WEEK 15 CRYSTAL BALL - WEEKEND
Mike Leach's greatest gift
We lost a great one this week with the surprise passing of Mississippi State head coach Mike Leach, a man whose impact on the college football landscape will be felt for many generations.
Much has been written about Leach over the past few days with many of the articles focused on the man, instead of the coach, and that’s important because who Leach was, as a human being, was more important than who he was as a football figure. For some interesting reading, I highly recommend these articles from Outkick and Texas Monthly.
Of course, we know of Leach because he was a football coach so it’s important to look at how he expanded upon the offensive genius of LaVell Edwards and Hal Mumme to scare the daylights out of FBS defenses on a weekly basis. But there are lots of places where you can learn about his prolific offenses e.g., how he coached mesh routes, how he attacked zone defenses, and why he was partial to wide splits for his linemen.
Here, instead, we’ll take a different tack and talk about I believe was Coach Leach’s most endearing - and important - quality.
HE. WAS. A. THINKER.
That may seem simplistic but thinking - about everything - was at the core of Leach’s being. And, in my opinion, his approach to thinking is what made him the great coach - and man - that he was.
You see, Mike Leach never took things at face value or took someone’s word for it when they told him how things were or how they should be. He questioned the way things were done, questioned why they were done a certain way and thought about how to do them differently and better. As a result of that ability and willingness to think, he developed into one of the most influential coaches the sport of football has ever seen.
Leach’s biggest professional break came when he was hired in 1989 by Mumme, an unknown but brilliant football mind who had just taken the head coaching job at a nondescript NAIA school called Iowa Wesleyan University. The two men quickly realized that they thought similarly and, beginning in tiny Mount Pleasant, Iowa, population 9,000, they hatched a plan to change the way offensive football was played.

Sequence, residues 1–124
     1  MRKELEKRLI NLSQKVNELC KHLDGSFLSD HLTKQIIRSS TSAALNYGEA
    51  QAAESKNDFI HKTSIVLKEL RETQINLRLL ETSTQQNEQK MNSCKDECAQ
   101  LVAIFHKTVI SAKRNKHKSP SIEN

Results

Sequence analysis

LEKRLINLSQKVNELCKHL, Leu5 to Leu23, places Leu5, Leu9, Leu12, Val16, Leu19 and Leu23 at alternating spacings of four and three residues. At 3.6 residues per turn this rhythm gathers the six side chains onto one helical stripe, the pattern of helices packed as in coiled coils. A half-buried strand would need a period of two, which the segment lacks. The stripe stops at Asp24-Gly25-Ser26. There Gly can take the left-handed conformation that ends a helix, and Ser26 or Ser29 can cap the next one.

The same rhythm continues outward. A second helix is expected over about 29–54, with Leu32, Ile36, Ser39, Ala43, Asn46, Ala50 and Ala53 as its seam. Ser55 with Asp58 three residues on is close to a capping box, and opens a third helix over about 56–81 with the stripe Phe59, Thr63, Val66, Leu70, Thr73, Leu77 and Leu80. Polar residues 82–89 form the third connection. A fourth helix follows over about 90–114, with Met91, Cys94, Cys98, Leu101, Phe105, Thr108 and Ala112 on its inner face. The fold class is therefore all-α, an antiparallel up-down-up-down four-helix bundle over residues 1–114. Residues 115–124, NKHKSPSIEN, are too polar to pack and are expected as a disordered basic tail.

This week on the SEC Network, Mumme talked about his first days with Leach and how the duo set out in a university-supplied Ford Taurus to hit the recruiting trail.
Their mode of transportation was apropos as it was the automotive pioneer Henry Ford who once said, “Thinking is the hardest work there is, which is probably the reason why so few engage in it.”
Of course, thinking was never an issue for Leach, who regularly offered his carefully considered opinions on topics from Halloween candy to mask policies to weddings. Heck, he thought so much - and so deeply - about the Native American icon Geronimo that he wrote a leadership book about him.
I think that’s a great lesson for all of us: T-H-I-N-K.
Find a time and place to be alone with our thoughts, as the famous author John Maxwell suggests. Think deeply about how things are done, question conventional wisdom and, if it makes sense, figure out how to do it better. That’s what Mike Leach did with the game of football and all of us, for sure, are better for it.
Take the idea of a “balanced offense,” which has long been associated with mixing the run and the pass equally, or close to it. Leach never bought into this idea and said so, as reported by The Athletic’s Chris Vannini.
Brilliant, like the man himself.
Rest in peace, Coach, and thank you. You were a great one.